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15 Interactive Language Activities for Preschoolers

Language development is a vital part of communication in the early years. 

Children start learning language very early on in their development. Those funny cooing noises parents make to their babies are the first steps along the road of language development.

During the early years, children must develop both their receptive and expressive language.

In this article, I will share some great language activities for preschoolers. Whatever language your child is learning, the same principles apply. 

How to Develop Language Through Activities

Language is something children acquire as they grow and learn. The best way to develop language is through interaction. 

The way to interact with your children is to spend time with them and the best learning opportunities are found during play.

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15 Interactive Language Development Activities for Preschoolers

Here are 15 activities to help develop language skills. Watch this video for a summary of the activities or read them below.

1. Storytelling

Books and telling stories are one of the best ways to encourage language. 

Read age-appropriate stories or just tell the story through the pictures. Start early book experiences with board books and use sensory books to encourage your child to touch and feel items in the pictures.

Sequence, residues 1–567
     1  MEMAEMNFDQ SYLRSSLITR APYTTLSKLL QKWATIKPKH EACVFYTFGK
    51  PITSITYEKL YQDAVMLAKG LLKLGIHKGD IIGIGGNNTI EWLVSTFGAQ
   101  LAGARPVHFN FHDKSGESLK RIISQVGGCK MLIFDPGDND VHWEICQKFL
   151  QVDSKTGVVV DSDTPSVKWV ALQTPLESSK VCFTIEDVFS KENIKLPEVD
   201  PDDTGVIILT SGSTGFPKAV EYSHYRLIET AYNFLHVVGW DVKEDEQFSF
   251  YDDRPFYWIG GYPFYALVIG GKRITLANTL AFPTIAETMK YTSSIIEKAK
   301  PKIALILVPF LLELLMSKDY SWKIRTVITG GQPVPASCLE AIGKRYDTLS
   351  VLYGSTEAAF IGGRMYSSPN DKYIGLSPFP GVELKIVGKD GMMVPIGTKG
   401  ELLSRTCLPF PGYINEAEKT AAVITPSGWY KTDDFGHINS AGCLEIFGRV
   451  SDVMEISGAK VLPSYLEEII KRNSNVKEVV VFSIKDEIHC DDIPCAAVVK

Mother telling a story to child.

My absolute favourites – and most educational – are all the books by Julia Donaldson and Dr. Seuss.

There is no end to the avenues you can explore, and language you can develop, through books.

2. Baking

Mom and son baking

The kitchen offers many language opportunities. Here is a chance to encourage language development while you make something delicious to eat. 

Counting, weighing, and measuring are all part of a baking experience.

Baking cookies with soft dough to roll and cut out is probably one of the best baking activities for preschoolers.  After you have baked your cookies you can get creative and decorate with icing and sprinkles.

Finish off your ‘baker baker’ session with a tea party and share your cookies with the rest of the family. 

3. Construction Toys

Lego

Choose construction toys that are age-appropriate. Lego is one of the best toys (here’s a great set), but perhaps your young preschooler is more comfortable with blocks. Choose a good quality set of wooded blocks. Block play is a vital part of learning.